Plowing puts a LOT of abuse on a truck. I bent the frame on a brand new F150 within it’s first 2 weeks of ownership

They say guns don’t kill people, people kill people. The gun is just the tool used to do the killing. By the same token, plowing does not abuse the truck, the operator does. If you ram into packed snow or objects, then you’ll get what you deserve.

Most hydraulic plows have pressure release mechanisms in the ram hydraulics and trip springs on the blade to limit damage from hitting hidden objects encountered at reasonable speeds. Was this a fixed blade plow?

If you bent the truck frame, the plow must have been a real mess too. Was it an extended cab by any chance?


#10

A 2WD truck will break front ball joints like crazy. It has been tried before. You would need a lot of weight in the back for you to have any traction at all with 2WD. And you will get stuck really bad. Even with 4WD you should plow downhill or you might overheat and/or put too much strain on the truck. Don’t go “commercial” with a small truck either.


#11

The power should not be an issue. You just wont be taking commercial-sized passes, youll take smaller passes. Youll be going slow, and even a 4 cylinder has a good amount of torque in low gear. Its fine for your own driveway, since youre not concerned with how much money youre making.

However, Id only do it with 4wd. 2wd trucks are already bad enough in the snow alone, with a plow it would be about worthless. Unless you put an enormus amount of weight in the bed, and then your mileage gains are gone.

Id get a small 4wd truck. They make 6 ft plows for small trucks like the S10 and Ranger, and they plow just fine. Youll still take small passes, but it will be a lot more reliable in the snow. You can take it out of 4wd when it quits snowing. You could even put a set of locking hubs on the front, that would probably save more gas since you can unlock them and it wont be turning the entire front drivetrain when in 2wd.


#12

They say guns don’t kill people, people kill people. The gun is just the tool used to do the killing. By the same token, plowing does not abuse the truck, the operator does. If you ram into packed snow or objects, then you’ll get what you deserve.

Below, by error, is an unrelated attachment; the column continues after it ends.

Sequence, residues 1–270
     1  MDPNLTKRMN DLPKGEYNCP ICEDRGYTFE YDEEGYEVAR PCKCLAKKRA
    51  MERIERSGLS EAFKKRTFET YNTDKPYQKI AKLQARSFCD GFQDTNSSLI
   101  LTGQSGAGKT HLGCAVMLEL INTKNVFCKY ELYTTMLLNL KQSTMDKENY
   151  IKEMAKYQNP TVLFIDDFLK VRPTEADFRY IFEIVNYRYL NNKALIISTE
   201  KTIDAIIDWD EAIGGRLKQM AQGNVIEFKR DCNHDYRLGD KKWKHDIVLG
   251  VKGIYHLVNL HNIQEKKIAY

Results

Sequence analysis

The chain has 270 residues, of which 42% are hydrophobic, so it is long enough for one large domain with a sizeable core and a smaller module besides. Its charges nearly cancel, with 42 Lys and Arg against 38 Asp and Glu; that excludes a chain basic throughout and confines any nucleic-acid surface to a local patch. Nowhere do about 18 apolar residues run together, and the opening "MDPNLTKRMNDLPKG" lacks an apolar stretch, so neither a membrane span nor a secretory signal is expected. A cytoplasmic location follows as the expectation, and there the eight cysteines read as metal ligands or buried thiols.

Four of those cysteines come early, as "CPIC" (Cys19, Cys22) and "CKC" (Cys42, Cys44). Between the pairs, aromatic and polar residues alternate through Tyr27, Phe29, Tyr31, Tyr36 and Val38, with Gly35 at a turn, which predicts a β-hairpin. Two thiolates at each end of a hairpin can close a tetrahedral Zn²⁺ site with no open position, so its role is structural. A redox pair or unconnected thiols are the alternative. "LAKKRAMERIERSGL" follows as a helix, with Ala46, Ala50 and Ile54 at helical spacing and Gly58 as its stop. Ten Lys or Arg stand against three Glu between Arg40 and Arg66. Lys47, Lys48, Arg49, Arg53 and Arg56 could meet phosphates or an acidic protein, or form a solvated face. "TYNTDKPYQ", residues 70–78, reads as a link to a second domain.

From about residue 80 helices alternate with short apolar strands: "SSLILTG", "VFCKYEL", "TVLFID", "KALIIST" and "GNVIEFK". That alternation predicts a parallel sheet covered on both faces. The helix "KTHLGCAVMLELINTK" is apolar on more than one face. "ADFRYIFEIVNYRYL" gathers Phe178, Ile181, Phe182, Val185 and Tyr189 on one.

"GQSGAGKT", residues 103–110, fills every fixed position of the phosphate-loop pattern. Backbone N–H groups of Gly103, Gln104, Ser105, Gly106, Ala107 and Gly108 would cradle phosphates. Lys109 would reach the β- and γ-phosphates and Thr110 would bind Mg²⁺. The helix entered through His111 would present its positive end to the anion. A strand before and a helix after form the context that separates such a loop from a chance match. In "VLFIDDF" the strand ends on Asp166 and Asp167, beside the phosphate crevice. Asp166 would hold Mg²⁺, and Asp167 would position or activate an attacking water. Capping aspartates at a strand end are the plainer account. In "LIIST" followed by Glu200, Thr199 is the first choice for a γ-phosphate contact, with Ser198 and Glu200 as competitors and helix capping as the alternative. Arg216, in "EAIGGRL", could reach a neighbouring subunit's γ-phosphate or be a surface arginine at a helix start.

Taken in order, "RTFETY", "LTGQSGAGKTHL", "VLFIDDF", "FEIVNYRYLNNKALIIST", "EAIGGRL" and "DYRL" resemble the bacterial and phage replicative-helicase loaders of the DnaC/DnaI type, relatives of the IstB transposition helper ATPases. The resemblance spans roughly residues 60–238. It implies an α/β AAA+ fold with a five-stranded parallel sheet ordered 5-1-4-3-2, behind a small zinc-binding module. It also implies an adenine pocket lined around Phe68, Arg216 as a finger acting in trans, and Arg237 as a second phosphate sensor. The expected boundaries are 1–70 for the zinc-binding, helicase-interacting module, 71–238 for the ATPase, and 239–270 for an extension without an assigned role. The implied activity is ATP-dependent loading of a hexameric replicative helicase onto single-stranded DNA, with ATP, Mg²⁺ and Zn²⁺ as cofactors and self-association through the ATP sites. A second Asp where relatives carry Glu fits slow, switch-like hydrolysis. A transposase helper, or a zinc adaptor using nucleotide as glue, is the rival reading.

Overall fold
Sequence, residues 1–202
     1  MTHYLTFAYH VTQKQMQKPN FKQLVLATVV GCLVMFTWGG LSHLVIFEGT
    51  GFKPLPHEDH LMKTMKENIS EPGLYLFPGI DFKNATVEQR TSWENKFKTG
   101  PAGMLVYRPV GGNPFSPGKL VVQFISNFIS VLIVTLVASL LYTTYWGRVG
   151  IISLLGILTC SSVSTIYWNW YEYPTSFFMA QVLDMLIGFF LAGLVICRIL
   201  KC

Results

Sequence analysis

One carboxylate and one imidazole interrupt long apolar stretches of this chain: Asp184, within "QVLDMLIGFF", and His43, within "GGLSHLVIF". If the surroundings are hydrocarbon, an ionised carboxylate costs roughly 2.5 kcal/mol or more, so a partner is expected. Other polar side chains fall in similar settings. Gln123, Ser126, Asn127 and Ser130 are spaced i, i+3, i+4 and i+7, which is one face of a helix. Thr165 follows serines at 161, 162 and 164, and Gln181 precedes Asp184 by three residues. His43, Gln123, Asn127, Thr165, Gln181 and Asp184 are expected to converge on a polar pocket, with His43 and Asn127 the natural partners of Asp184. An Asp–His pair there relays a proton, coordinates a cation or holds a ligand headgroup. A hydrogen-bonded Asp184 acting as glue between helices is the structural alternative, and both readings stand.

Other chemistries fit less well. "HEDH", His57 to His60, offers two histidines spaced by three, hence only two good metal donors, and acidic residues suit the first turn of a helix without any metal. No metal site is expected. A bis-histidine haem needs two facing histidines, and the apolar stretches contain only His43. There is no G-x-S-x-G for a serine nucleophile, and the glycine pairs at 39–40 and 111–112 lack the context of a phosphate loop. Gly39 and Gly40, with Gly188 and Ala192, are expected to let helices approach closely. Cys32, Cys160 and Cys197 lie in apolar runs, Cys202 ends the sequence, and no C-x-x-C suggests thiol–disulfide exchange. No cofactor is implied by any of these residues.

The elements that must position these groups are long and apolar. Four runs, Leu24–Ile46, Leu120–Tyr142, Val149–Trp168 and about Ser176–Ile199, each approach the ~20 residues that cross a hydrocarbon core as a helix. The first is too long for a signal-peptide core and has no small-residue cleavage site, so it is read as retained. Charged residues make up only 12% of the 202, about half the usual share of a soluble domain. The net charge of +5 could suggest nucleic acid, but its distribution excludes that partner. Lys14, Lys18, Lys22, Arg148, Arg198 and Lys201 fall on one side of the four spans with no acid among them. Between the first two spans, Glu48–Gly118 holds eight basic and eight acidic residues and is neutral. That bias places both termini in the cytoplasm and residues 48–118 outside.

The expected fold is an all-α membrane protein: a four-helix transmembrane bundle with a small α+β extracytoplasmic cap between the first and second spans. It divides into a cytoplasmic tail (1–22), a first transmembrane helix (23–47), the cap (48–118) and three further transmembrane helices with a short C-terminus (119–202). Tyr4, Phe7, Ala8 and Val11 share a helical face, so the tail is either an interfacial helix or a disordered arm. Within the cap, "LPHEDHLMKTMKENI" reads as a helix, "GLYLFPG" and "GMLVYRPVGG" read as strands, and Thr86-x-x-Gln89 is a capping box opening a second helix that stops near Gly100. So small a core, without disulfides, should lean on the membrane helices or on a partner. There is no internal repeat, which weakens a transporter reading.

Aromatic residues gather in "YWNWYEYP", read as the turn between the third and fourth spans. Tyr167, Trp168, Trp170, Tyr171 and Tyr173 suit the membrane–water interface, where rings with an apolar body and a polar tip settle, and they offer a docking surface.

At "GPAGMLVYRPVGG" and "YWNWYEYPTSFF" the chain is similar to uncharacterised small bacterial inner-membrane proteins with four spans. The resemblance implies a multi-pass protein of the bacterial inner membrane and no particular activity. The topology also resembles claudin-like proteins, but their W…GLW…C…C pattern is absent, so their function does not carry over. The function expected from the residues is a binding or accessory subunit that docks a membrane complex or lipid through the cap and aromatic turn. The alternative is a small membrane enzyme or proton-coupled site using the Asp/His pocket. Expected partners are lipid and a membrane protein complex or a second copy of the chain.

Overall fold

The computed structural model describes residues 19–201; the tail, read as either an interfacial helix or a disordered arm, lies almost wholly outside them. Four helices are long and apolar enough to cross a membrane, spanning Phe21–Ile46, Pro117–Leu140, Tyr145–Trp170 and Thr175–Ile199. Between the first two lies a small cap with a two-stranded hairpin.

Most hydraulic plows have pressure release mechanisms in the ram hydraulics and trip springs on the blade to limit damage from hitting hidden objects encountered at reasonable speeds. Was this a fixed blade plow?

When you hit a manhole cover that’s 3" off the ground at 30mph…it does some damage.

Plowing over and over again is FAR more stressfull on a truck then NOT plowing…Expect to shorten the life of a truck that’s used for plowing by 50%. Especially in places like upstate NY where you’re plowing 3-4 times a week from November thru April.


#13

The power should not be an issue.

Depends…If you have a HUGH heavy wet snow storm then you’ll have to get out there every 1-2 hours to keep up. If you don’t then pushing 2+’ of heavy wet snow is going to be a bear for 4-cylinder. It’s tough on a V8. And lets not talk about the end of the driveway AFTER the town plow came through and left a 6’ pile of heavy wet snow. Two years ago I had to snow blow that part of their driveway out so the plow could plow the rest…and he had a BIG F-150 4wd with chains.


#14

Folks, lots of folks up here in NH use small 4X4 vehicles, even with 4-bangers, to clear their own driveways with no problem and without abusing teh vehicles too much. A lot depends on technique and the size and slope of the driveway.

But you absolutely do need the traction of the front wheels pulling to control the front end from going sideways and to get up and down off the mounds.